“Atlas of Yellowstone shows that good things happen when top-notch cartography, tasteful design, solid research, and compelling geography come together. The atlas will delight professional and armchair readers alike. Its treasure trove of maps explore wide-ranging topics—from geology to wildlife to people and the land. Better still, these well-orchestrated elements reveal a bigger idea: the place we call the Greater Yellowstone.” —Tom Patterson, former president, North American Cartographic Information Society “An extremely attractive, first-rate volume that is sure to become a fundamental resource for scholars and anyone who loves Yellowstone.”—Richard Marston, Kansas State University "While much has been written on the Yellowstone region, nothing compares to this volume in scope or presentation. This will become the standard reference and starting point for anyone interested in the history of Yellowstone."—Anthony Barnosky, author of Heatstroke: Nature in an Age of Global Warming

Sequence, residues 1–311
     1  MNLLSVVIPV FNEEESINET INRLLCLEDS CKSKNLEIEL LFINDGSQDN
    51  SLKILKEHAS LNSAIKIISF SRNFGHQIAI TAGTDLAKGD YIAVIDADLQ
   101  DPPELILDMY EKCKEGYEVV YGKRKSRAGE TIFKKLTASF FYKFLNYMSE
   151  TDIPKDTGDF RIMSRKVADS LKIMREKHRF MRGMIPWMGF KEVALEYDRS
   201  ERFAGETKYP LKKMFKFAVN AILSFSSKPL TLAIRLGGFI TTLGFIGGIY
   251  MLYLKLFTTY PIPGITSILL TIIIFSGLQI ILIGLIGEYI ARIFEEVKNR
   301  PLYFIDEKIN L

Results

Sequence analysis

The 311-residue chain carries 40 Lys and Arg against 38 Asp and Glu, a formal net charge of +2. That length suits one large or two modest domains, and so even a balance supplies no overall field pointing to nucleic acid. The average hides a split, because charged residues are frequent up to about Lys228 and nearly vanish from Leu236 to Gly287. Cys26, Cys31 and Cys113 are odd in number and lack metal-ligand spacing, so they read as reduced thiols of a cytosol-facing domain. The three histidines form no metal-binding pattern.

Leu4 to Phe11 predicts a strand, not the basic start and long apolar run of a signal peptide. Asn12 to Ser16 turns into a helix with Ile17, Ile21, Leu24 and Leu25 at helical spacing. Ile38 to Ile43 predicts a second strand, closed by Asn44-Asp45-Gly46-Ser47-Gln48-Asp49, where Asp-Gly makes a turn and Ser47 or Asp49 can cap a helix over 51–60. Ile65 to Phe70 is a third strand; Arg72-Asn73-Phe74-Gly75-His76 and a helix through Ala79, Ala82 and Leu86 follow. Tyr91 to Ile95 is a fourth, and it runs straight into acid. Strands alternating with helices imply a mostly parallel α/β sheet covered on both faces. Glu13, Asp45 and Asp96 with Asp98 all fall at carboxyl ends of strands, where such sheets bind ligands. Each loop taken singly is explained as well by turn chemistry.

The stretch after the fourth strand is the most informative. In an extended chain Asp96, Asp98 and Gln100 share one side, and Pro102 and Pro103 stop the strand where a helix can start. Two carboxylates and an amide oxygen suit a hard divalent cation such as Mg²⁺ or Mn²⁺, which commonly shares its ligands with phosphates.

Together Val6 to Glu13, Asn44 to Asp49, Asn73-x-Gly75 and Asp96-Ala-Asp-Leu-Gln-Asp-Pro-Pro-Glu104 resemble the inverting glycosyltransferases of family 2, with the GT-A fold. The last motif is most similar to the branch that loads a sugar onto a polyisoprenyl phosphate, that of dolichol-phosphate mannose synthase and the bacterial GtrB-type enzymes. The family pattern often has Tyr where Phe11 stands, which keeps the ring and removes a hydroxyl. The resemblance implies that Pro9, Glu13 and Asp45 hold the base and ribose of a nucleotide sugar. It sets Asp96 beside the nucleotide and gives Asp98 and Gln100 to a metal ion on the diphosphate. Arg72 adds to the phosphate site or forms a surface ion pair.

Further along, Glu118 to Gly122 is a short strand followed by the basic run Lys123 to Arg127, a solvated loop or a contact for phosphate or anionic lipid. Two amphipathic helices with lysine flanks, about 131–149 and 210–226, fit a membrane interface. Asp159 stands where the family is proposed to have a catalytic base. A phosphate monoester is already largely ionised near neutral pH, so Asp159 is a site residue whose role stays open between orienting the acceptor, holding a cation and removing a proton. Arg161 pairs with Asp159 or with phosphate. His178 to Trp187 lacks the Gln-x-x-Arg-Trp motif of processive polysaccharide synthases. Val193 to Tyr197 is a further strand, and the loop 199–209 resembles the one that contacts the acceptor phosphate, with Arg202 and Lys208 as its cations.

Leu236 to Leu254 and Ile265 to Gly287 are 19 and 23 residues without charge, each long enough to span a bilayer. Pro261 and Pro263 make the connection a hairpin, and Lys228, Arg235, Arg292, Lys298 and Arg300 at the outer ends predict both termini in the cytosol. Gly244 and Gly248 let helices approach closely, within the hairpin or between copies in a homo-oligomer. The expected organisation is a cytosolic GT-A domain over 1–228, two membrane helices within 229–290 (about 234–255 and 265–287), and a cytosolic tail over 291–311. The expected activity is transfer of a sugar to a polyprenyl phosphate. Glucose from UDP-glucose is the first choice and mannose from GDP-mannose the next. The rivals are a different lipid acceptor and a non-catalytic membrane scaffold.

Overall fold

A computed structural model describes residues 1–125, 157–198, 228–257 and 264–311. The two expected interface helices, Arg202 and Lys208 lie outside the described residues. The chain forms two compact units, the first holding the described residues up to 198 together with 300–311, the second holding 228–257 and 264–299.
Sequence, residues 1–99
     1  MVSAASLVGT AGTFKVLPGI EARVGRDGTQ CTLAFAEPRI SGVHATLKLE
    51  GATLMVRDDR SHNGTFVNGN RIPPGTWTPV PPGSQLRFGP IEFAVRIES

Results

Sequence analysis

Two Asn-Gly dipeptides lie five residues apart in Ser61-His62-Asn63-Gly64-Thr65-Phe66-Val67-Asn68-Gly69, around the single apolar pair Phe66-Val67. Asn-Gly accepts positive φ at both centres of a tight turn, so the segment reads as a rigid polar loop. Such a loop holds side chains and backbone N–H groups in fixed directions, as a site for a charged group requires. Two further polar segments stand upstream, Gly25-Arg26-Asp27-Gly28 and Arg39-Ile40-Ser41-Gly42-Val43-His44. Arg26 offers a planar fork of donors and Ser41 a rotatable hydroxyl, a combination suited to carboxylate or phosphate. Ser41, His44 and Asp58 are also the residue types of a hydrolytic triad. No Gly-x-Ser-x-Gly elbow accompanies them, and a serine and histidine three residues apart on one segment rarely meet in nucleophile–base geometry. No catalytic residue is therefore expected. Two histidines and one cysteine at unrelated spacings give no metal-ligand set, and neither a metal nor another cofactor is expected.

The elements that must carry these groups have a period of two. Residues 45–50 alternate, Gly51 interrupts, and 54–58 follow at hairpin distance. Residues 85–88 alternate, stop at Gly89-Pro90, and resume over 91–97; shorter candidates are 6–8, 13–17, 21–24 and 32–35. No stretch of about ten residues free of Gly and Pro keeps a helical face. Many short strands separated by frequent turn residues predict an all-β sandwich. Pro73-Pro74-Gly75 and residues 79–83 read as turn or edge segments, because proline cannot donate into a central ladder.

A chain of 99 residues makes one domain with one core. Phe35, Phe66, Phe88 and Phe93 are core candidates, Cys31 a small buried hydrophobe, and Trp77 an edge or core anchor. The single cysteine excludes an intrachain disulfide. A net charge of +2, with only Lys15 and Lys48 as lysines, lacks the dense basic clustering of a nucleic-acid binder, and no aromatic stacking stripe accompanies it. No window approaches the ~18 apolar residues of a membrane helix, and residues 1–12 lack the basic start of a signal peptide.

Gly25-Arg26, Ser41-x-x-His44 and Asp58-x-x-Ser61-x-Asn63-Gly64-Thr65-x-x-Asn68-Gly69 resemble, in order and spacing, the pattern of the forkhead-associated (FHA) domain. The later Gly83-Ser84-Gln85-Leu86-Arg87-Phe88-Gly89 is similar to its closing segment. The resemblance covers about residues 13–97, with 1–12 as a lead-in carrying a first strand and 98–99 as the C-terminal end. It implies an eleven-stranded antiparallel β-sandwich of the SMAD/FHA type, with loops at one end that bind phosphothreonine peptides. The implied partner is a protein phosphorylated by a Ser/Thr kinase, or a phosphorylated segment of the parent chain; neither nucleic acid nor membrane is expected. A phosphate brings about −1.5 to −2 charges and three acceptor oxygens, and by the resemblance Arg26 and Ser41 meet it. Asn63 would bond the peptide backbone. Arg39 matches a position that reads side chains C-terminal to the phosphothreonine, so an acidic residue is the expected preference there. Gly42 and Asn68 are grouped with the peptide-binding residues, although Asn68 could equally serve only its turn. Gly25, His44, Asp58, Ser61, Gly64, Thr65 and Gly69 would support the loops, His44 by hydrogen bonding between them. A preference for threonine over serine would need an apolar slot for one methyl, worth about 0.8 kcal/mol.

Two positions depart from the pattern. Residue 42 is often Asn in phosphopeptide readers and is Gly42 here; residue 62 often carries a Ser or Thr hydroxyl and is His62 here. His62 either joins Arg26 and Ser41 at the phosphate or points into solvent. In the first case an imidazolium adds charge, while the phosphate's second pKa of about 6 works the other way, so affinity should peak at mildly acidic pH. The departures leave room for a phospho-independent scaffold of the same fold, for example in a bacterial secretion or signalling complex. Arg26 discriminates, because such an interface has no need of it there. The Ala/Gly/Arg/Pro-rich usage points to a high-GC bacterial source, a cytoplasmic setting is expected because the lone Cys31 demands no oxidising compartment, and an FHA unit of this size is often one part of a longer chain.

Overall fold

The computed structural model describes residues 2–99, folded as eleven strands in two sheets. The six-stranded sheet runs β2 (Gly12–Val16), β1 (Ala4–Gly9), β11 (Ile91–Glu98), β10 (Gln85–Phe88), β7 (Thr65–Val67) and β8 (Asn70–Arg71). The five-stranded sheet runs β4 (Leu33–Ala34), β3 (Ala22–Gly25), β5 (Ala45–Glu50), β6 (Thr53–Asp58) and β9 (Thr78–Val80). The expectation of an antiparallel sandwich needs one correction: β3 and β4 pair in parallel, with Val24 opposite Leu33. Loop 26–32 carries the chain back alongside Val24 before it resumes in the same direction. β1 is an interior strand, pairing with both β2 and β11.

|Author||: Brian Hurlbut,Seabring Davis|
|Editor||: Insiders' Guide|
Includes Yellowstone, Grand Teton, and surrounding areas in Montana, Idaho, and Wyoming. Also included in the book is the history, resorts & lodges, guest ranchers, the arts, attractions, hunting, and more.